I’ve been trying to get my head around sorting the yeast for the past few weeks, as it’s the only one of the four ingredients that I can’t actually see. This makes it somewhat tricky to collect, and without help my only choice is to put the beer out in the open air mid-brew, let all of the yeast and accompanying bacteria get into it before it ferments and hope it turns out okay. This is a perfectly acceptable technique, known as natural or spontaneous fermentation, and is used to make some outstanding beers (the most well known probably the lambic family of beers from Belgium). The downside to this approach though, is that it needs a long time to mature or develop and I only have weeks to ferment my beer, not months or years.
Ideally then, I need to isolate a domesticated strain of yeast from the wild, for example saccharomyces cerevisiae, but to do this I need help. Cue Guy and David (or Dr Leonard and Dr Milner to give them their proper titles), two rather clever people at the University of Exeter Living Systems Institute that have agreed to help me discover if there really is the yeast I need on the plot and if so, how I can get it to a usable form. I’ve gathered together 20 different cuttings and samples from the various plants and flowers on the plot and they are running them through a series of processes and machines that should help to confirm if we have the all important yeast or not.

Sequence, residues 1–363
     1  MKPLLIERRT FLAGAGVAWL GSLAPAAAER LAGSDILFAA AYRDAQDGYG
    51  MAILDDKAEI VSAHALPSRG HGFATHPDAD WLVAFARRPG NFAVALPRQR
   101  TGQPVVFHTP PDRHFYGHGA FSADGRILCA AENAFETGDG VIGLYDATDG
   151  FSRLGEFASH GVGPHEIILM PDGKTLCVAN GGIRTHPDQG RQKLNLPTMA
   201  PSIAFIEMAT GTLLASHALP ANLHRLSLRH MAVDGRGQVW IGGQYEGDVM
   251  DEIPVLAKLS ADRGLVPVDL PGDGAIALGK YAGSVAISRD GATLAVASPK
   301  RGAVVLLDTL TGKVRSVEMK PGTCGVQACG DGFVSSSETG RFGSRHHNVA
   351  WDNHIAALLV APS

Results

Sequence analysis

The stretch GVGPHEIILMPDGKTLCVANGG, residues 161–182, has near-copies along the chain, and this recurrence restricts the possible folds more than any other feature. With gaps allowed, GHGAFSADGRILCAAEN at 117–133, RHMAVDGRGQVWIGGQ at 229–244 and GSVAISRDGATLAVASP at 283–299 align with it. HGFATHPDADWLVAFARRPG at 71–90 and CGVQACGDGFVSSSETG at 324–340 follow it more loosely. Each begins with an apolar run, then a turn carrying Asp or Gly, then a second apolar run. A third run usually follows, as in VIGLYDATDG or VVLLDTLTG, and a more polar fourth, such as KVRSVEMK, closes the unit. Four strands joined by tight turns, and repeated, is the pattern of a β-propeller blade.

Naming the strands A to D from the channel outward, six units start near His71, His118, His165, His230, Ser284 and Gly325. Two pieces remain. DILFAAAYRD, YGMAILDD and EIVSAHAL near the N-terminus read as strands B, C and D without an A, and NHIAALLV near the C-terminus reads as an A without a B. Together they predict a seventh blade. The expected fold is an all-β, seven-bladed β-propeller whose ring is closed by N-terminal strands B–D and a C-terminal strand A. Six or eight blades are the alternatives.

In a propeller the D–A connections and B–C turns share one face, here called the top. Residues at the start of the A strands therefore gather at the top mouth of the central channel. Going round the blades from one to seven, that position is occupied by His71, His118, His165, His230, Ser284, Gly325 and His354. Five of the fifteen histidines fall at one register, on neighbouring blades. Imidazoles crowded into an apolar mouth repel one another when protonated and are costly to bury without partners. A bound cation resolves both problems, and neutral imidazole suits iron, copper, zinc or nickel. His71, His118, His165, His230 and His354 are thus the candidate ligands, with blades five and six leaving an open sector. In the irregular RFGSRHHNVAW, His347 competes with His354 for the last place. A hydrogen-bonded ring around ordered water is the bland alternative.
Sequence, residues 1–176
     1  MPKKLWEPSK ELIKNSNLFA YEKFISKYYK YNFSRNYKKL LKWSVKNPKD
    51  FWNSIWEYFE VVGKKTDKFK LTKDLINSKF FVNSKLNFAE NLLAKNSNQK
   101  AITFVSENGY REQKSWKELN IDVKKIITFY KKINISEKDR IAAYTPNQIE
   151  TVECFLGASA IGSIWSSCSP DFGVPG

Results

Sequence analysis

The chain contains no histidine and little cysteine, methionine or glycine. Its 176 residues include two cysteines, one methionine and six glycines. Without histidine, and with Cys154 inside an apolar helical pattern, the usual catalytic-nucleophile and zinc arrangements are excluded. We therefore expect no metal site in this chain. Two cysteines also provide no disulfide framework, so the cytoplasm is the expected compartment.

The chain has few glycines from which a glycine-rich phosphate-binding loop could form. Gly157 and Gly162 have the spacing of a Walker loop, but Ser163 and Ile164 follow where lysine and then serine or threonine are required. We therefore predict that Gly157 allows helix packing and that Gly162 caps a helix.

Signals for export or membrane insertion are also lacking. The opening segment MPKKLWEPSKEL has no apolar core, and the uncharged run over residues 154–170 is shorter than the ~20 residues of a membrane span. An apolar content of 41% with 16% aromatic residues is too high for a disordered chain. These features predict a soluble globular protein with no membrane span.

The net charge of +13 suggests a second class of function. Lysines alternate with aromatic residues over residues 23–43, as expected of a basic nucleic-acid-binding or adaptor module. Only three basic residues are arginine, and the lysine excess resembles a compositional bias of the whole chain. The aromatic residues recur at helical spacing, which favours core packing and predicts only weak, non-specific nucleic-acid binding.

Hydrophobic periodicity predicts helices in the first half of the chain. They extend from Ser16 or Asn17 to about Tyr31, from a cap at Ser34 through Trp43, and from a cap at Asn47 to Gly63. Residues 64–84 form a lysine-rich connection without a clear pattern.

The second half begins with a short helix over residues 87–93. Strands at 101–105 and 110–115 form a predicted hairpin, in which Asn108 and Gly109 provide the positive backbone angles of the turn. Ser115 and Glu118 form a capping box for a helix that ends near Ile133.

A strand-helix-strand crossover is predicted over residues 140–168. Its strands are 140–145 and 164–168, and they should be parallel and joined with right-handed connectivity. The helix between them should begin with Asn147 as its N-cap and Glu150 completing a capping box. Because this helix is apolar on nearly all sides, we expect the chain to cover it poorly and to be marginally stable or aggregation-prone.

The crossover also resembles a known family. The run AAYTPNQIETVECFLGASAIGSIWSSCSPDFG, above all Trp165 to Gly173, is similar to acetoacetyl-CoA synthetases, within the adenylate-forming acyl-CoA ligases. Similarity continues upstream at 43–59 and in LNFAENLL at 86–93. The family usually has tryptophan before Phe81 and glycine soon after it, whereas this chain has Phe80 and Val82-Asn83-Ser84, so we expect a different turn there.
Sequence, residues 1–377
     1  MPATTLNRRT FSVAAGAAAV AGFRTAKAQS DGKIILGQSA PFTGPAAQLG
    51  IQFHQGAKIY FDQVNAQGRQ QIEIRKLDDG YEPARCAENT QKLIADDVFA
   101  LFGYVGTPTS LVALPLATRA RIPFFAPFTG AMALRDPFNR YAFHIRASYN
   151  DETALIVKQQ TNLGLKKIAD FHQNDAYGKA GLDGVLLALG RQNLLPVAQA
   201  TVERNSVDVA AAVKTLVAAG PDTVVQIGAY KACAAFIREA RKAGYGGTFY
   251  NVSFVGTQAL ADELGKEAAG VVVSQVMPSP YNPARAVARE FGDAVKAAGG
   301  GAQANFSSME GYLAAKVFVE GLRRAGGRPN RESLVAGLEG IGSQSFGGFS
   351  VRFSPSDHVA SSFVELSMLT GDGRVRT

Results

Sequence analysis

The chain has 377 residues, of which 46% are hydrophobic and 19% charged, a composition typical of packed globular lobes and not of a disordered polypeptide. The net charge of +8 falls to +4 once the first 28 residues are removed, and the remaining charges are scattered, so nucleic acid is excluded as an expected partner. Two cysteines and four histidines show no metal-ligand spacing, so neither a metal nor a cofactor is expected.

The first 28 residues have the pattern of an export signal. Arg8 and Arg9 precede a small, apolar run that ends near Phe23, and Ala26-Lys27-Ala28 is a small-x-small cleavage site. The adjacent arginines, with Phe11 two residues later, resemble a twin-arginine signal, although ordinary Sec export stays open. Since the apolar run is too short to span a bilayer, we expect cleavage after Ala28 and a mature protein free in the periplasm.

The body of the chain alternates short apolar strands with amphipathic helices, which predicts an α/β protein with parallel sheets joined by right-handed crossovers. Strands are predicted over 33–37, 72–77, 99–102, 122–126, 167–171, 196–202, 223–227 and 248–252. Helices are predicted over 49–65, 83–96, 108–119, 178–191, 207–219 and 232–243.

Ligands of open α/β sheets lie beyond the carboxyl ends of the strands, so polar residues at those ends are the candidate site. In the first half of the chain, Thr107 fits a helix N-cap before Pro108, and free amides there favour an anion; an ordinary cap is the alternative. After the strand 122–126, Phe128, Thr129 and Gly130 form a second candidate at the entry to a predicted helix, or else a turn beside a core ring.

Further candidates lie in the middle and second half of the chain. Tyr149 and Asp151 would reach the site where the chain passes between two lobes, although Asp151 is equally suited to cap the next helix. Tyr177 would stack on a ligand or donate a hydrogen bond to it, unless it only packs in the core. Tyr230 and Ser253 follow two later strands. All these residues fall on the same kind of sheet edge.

It’s not a level of assistance I was expecting when I started Growing Beer and it’s certainly far beyond anything I could do on my own. Between the two of them the samples that I collect will go through a process that, amongst other stages, involves being spun at over 13,000 G, having their DNA deconstructed and identified against an international database and, if it turns out that sample is what we’re after, cryogenically frozen at -80C to keep it until I need to brew. It’s amazing stuff that has a definite air of science-fiction wonder to me, but it turns out this is fairly standard when you’re working in a world-leading research laboratory.
Early tests from the first batch of samples aren’t looking too hopeful, but the best time and place to collect is late summer and from slightly overripe fruit.We’ll be taking more samples over the coming weeks and I’ve got my fingers crossed something will turn up – there’s still no guarantees it will work, but if these guys don’t find a workable yeast, it’s basically not on the allotment.